How will USDA dietary guidelines affect your menu?

food tray

Q: What is your reaction to the new USDA dietary guidelines, and how will they affect your menuing?

A: Each presidential administration is eager to put their own stamp on these guidelines, and there’s usually plenty of political posturing by big food lobbyists to validate their particular food group. The fact remains that the science of nutrition is still alive and well, and nothing has really changed over the past few editions of the dietary guidelines.

The new guidelines do free up old stigmas that eggs are bad for you, so it allows me to feature more egg dishes with less guilt. With today’s trends and growing emphasis on veg-centric menu items, it also allows me some flexibility in featuring leaner cuts of meats using smaller portions of whole muscle proteins in comparison to vegetables, whole grains, and legumes.

Jim Roth 
Executive Chef
Elmhurst Memorial Hospital
Elmhurst, Ill.

A: We already do a good job of incorporating balanced nutrition on our menu. While some portion sizes may change a bit, we’ll for the most part move forward unchanged. Our main focus will be to help with the ongoing education of healthy eating.

Pierre Genereux
Sous Chef
Interlude Restorative Suites of Benedictine Health System
Plymouth, Minn.

A: I think the guidelines are in line with what has been known about a healthy diet for a long time. The thing emphasized more than other years was the added sugars. More research is being done on how bad for us all those added sugars are and how it’s been found that they contribute to cardiovascular disease. 

In developing menu options for our residents, our chefs and dietitians work together and look for ingredients low in added sugars, salt and solid fats, as these are the things that contribute most to obesity and chronic disease. 

John Andrews
Corporate Director of Culinary and Nutritional Services
Ohio Presbyterian Retirement Services
Columbus, Ohio

A: I think the new guidelines are a direct result of our nation’s young people growing more and more unhealthy due to processed  and convenience foods. The push to create an environment where food-insecure children and families can get involved with community gardens and learn about healthy eating is a hot topic in many schools. Communities are reaching out to families, schools and even daycare facilities to educate them on proper food choices.

Some may see it as limiting one’s choices; I like the challenge of cooking flavorful, bright and healthy food that is naturally seasoned. Carilion’s mission is “to improve the Health of the Communities We Serve,” and that is just what the new guidelines will help us do.

Darla Mehrkens
Catering Manager
Carilion Clinic
Roanoke, Va.

A: I find the new recommendations to be sensible: eat things in moderation, increase vegetables and plant-based proteins, lower refined sugars and sodium. We have already begun moving in this direction.

The greatest challenge is our suppliers. Food manufacturing companies have started to move toward less-processed product, but there is a long way to go. When and where it is fiscally possible, we have moved toward scratch-cooking. However, when preparing meals for 10,000 people a day, we still rely on convenience products. Someday I hope that items such as low- or no-sodium stocks and bases will meet my quality needs without breaking my budget.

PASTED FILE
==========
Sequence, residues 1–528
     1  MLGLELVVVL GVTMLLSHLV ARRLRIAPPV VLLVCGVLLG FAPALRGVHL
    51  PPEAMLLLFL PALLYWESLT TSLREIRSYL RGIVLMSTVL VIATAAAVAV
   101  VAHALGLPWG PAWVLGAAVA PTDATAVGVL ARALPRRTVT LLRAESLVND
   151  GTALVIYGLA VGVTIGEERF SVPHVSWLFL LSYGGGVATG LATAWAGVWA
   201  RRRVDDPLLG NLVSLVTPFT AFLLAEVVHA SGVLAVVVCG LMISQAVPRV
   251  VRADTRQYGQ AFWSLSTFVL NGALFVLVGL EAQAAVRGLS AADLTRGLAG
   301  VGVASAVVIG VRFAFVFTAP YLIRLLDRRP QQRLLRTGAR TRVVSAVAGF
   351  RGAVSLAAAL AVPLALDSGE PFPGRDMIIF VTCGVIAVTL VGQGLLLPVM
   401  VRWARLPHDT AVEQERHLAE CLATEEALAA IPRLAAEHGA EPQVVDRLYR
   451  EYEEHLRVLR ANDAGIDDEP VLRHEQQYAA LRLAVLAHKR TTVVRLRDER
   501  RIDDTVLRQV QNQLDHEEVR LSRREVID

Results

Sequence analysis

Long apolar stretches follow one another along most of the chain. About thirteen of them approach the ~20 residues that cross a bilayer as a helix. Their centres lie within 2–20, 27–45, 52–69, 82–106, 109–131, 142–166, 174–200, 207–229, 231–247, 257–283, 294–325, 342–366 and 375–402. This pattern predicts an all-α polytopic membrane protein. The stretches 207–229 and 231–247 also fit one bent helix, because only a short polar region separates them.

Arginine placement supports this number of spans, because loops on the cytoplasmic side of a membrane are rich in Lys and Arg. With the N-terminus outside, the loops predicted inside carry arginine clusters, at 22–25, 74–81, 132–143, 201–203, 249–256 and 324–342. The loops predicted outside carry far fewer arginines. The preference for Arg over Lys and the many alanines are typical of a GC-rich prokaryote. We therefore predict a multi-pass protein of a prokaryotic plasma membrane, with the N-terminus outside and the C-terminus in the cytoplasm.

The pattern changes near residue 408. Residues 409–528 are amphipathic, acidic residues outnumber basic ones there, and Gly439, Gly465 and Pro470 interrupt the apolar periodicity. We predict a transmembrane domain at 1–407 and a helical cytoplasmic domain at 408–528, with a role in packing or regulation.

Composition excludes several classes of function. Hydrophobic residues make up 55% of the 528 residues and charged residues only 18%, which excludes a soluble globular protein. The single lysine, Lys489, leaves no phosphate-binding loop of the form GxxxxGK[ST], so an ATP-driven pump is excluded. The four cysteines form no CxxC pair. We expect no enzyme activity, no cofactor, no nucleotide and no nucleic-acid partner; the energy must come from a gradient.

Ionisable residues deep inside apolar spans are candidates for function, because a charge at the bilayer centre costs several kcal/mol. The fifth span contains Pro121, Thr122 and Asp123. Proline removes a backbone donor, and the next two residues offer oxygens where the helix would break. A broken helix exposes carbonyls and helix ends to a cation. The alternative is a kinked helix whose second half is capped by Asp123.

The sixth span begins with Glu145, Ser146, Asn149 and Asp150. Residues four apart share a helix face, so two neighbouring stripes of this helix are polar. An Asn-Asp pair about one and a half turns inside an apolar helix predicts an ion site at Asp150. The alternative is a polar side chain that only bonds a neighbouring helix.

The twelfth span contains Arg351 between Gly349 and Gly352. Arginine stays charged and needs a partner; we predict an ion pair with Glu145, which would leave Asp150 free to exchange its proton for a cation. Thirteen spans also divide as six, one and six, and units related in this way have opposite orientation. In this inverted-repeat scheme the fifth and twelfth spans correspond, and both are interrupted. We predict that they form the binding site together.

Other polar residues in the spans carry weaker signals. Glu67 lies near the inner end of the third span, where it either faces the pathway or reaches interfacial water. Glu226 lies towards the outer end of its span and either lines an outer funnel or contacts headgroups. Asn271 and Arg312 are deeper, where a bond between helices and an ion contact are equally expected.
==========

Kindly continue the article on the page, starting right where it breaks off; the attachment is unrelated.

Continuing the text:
Janna Traver McCann
Executive Chef/Assistant Director
Kansas University
Lawrence, Kansas

More From FoodService Director

Industry News & Opinion

The USDA has awarded the Indiana State Department of Health a 2018 grant to help support farm-to-school programs in the state, WBIW reports.

The department will receive $98,468 over two years to support the Indiana State Department of Agriculture's Indiana Grown program, which is responsible for promoting local ingredients in school meals and other farm-to-school events.

The grant money will go toward creating resources and a promotional campaign to help districts incorporate fresh ingredients in meals. It will also be used to support and grow the state’s 11 farm-to-school...

Industry News & Opinion

Dining services at Boston College will this fall introduce a new layer in its sustainability efforts: reusable takeout containers.

The containers will make their debut at the school’s Stuart Dining Hall, The Heights reports .

To combat theft of the to-go boxes, the school will use a token system by which students who pay $8 to join the Green 2 Go program will receive tokens that they can them redeem for containers. Once used, they will return a container to a particular register and receive another token. If a student loses a box or token, they can buy their way back into...

Menu Development
spicy bibimbop

Bowls continue to trend as meal carriers for breakfast, lunch and dinner. Both operators and the guests they feed appreciate bowls for their convenience, customizability and creative combinations. Build-your-own stations are increasingly popular ways to offer bowls in college dining, corporate venues and school and hospital cafeterias. But building a satisfying bowl takes more planning than randomly tossing ingredients together in one vessel.

Playing with layering

“Texture is the secret ingredient for a successful bowl,” says Kevin Cecilio, senior director of culinary innovations...

Industry News & Opinion

Austin Independent School District in Texas is introducing new globally influenced menu items this school year, Spectrum News reports.

The offerings are meant to reflect the district’s diverse student body and will include yuca fries, Jamaican meat pies and plantains.

Read the full story via .

FSD Resources

Code for Asynchronous jQuery Munchkin Tracking Code